If you would have told me going into this that James’ sidekick throughout the film is Bas Rutten, playing a vaguely European immigrant and former UFC fighter, I would have bet house money on his character being a dumb, uninformed, freedom-loving wannabe American. (Call it the Rob Schneider effect.) Thankfully that’s not the case here, and Rutten is given room to breathe to give a grounded performance of a real human being. Sadly, the same courtesy can’t fully be extended to Salma Hayek as James’s love interest, but she at least has decent chemistry with the actor during their scenes together. Winkler, who has become a semi-regular presence here, also gives a sweetly melancholy performance that shows his range as a comedic and dramatic actor.
A large majority of Happy Madison films that we’ve covered, especially in the later period, are family-friendly to a fault. Boom manages to not be hindered by its PG rating. Given the inherent violence of the MMA scenes, I’m fairly surprised the film wasn’t bumped up to a PG-13. Call me naïve, but I went into each of James’s fights unsure of what the outcomes would be. And it’s because of James’s commitment to realism, largely by not using a body double and by fighting against real MMA fighters, that the film strongly sells its dramatic stakes. Plenty of films that we’ve covered telegraph their endings long before they develop, including Coraci and James’s last collaboration, but by investing in its characters and providing some well-done action scenes, Boom at least makes the journey worthwhile. If I’m being honest, the latest stretch of films in this project has been a real drag, making me want to throw in the towel. But it’s the hidden gems to be found, like this film, that makes me want to get back up and keep on going.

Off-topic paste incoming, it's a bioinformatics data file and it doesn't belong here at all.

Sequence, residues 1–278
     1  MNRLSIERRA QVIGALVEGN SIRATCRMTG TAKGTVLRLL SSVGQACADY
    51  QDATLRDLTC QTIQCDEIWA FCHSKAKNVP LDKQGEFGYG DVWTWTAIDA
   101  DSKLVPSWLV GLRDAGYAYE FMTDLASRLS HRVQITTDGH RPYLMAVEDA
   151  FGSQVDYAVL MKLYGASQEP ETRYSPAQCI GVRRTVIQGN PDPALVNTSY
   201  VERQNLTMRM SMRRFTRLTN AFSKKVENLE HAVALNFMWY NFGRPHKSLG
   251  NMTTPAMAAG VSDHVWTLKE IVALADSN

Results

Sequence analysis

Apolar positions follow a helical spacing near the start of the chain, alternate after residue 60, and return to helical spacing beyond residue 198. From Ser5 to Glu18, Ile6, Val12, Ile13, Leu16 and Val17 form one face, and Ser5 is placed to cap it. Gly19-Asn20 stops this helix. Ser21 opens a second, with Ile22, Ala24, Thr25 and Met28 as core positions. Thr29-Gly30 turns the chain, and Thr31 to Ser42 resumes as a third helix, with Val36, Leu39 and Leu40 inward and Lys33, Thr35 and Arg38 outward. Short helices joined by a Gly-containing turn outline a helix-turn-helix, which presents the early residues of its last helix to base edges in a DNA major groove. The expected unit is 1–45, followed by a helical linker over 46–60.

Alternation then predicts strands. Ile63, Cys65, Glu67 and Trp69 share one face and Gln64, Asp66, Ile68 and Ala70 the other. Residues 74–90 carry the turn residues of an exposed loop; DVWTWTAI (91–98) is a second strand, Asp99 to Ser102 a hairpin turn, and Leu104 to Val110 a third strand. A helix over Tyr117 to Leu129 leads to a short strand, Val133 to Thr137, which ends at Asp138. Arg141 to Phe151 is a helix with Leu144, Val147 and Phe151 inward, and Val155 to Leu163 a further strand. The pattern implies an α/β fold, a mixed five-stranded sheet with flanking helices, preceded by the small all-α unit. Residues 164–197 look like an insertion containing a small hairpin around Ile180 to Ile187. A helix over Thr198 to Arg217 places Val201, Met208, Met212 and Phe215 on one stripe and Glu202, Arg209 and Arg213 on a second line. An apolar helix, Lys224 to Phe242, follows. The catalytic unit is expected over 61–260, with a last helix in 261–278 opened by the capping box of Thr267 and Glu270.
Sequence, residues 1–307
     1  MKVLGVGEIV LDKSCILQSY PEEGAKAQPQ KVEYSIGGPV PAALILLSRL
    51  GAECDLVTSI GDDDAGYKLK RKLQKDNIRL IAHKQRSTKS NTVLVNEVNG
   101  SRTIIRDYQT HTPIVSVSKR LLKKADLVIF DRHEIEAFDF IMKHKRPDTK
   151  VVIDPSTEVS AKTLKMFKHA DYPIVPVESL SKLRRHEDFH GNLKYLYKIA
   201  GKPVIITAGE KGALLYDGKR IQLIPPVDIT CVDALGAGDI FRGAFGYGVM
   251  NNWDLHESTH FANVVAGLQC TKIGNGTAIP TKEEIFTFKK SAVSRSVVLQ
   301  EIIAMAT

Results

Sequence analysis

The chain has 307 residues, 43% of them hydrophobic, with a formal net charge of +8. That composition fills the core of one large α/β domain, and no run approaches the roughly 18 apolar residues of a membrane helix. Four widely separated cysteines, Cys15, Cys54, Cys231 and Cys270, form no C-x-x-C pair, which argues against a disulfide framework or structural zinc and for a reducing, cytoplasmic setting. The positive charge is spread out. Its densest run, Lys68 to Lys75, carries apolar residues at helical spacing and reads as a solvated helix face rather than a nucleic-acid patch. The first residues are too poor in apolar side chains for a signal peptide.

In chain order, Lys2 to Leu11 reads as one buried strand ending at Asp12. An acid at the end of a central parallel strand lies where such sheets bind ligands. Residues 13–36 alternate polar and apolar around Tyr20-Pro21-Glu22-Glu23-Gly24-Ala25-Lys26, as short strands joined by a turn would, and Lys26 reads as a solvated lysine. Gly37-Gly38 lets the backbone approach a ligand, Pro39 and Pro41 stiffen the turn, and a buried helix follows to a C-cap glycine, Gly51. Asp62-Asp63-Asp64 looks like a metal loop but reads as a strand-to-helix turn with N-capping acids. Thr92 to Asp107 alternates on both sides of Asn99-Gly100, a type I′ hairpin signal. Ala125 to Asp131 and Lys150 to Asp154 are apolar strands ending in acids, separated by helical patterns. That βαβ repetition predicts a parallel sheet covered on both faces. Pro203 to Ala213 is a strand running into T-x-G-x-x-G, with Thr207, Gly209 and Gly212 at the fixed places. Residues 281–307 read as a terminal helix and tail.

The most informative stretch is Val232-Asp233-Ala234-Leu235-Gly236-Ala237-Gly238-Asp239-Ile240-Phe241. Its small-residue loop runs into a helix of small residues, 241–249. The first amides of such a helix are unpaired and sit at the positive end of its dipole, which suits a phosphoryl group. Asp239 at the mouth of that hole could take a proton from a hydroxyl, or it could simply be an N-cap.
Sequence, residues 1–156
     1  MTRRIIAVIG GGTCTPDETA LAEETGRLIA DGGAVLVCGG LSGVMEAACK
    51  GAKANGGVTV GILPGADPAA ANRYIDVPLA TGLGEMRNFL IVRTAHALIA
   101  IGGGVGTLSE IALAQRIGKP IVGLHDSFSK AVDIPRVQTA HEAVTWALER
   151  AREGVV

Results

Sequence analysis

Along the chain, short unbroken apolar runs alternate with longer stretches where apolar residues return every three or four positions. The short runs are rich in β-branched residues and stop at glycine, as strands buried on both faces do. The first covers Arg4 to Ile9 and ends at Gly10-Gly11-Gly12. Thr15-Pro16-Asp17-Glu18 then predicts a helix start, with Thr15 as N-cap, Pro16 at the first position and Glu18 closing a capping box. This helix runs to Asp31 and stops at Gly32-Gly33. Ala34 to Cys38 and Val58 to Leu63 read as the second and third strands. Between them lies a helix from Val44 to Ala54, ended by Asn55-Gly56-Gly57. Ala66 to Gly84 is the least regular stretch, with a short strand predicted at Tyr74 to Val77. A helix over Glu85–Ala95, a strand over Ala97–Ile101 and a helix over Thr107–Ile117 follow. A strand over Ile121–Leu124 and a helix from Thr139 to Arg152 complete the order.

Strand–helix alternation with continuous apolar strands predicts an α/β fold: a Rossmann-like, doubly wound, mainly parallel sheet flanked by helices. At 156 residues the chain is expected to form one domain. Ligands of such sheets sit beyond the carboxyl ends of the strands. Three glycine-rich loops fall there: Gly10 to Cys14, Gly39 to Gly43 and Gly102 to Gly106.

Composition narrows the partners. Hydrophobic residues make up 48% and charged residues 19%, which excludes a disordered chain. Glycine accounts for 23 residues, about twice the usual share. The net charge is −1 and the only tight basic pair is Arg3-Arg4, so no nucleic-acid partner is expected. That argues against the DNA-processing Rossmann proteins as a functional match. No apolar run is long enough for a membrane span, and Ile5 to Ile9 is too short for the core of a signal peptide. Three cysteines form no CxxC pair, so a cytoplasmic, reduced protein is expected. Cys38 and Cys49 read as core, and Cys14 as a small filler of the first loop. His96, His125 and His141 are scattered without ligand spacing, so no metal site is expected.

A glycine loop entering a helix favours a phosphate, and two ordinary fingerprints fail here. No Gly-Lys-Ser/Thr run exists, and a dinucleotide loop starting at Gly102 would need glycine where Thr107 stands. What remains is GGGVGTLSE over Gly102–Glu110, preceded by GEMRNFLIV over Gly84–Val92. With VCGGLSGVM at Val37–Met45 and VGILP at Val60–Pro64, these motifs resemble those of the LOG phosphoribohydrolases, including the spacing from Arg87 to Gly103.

- “I’m Getting Paid How Much?!” Inexplicable Cameo Award: Not a ton of options here, though there may or may not be a ton of recognizable UFC personalities that appear. As someone who’s seen nearly every episode of the sitcom Reba, it was nice to see Melissa Peterman show up as Kevin James’ sister-in-law.
- Just Go With It – The Happy Madison Promise: The flourish of the high school band flying out to Las Vegas is an unnecessary detail meant to drum up sentiment. I suppose it works, but it just felt silly at the time.
- Fart Joke Counter: None! I thought there may have been one right before James throws up his applesauce in the ring, but the evidence remains inconclusive.
- The Walkout Test: Easy pass. I might even consider rewatching the film again in my leisure time. Imagine that!
- NEXT TIME: It’s sequel time, baby! Greg Lindberg joins me to discuss the life, legacy and laughs (OK, so maybe just two out of those three) of Grown Ups 2.